Mexican non-bank lender Credito Real’s offshore bondholders have considered taking legal action against the non-bank lender in Mexico to recover losses, as per Reuters’ sources. Its offshore bonds have lost over 98% in value ever since it defaulted on its CHF 170mn ($176mn) bond in February. Mexico-based lawyer Teodoro von Harrsch, who represents the shareholders’ group said that bondholders who are collectively due about $2bn are now in early talks about joining legal proceedings led by local minority shareholders. He said, “We are talking with bondholders to see if there’s a (legal) way we can help, we are looking for common ground.” Russia’s Alfa Capital, which holds $150mn of Credito Real’s bonds coupled with UK-based asset manager Abrdn and Los Angeles’ DoubleLine Capital are considering joining the case. In July, some bondholders filed a bankruptcy petition on the distressed Mexican company post which Credito Real was downgraded to D by Fitch. In an analyst note, Fitch said, “As most of the global bonds are unsecured, global bondholders are expected to face higher losses from the defaults… while holders of hybrid securities face the most risk in terms of recovery prospects.”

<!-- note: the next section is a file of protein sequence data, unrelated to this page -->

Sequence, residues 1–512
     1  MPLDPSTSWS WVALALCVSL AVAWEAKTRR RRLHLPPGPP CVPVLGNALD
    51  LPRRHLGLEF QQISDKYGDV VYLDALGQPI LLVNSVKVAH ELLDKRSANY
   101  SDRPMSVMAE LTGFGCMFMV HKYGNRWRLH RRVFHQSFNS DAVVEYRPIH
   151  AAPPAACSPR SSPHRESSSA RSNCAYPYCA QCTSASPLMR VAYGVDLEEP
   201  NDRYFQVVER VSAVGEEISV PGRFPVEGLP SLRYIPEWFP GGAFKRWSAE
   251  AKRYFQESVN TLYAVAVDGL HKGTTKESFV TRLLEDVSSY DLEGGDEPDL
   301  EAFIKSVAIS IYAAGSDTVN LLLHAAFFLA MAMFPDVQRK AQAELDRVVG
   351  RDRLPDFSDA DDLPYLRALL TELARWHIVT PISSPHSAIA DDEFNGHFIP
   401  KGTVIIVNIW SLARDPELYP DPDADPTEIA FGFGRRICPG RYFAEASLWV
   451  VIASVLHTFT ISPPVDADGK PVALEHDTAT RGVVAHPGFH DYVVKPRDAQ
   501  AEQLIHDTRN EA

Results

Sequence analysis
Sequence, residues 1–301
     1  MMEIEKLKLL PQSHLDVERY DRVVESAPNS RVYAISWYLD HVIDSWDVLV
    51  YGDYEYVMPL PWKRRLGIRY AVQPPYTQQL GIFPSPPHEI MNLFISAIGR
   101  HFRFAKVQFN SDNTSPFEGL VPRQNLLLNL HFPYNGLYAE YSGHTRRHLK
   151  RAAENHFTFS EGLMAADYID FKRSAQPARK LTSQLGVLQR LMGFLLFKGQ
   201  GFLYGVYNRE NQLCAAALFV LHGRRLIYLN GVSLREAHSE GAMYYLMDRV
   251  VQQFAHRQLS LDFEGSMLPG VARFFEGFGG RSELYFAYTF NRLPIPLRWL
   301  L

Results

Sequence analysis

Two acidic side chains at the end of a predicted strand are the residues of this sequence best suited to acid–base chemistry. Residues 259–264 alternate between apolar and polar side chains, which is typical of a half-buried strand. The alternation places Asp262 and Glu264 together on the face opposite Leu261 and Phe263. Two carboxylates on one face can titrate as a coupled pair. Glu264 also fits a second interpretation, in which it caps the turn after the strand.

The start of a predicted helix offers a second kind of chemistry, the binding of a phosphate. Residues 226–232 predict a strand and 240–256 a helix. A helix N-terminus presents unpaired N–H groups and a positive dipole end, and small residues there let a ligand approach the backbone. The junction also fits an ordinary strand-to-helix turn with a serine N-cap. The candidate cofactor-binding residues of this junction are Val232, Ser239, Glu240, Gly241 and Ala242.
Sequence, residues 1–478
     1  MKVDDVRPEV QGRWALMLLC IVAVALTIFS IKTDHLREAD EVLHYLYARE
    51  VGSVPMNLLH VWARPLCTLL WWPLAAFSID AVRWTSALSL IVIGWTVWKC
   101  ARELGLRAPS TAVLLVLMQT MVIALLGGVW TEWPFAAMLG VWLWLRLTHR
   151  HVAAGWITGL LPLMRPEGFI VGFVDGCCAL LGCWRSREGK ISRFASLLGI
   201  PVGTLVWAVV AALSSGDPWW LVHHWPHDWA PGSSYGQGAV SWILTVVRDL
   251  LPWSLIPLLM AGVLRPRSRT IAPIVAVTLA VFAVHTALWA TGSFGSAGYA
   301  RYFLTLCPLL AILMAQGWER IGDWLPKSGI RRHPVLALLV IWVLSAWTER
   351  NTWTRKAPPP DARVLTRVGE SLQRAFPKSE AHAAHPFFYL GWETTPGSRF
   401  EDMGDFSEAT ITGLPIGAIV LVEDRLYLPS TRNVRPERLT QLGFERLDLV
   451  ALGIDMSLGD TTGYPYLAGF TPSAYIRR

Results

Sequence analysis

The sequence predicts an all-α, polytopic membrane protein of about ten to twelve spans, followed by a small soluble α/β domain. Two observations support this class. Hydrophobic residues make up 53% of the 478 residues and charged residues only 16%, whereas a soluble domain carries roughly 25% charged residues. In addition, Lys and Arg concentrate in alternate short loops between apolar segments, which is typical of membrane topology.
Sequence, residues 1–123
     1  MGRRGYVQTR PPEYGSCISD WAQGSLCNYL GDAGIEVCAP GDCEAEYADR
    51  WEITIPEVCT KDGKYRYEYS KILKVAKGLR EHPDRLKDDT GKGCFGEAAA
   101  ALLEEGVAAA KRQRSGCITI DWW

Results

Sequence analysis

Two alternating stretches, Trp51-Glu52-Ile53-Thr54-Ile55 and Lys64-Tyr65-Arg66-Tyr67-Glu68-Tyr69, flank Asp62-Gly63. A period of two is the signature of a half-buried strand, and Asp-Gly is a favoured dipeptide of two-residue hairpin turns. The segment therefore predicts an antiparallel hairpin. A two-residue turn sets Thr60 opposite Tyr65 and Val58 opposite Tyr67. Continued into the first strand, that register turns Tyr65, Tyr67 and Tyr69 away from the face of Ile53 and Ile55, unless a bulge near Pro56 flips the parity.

Credito Real’s offshore bonds are trading at just over 1 cent on the dollar.

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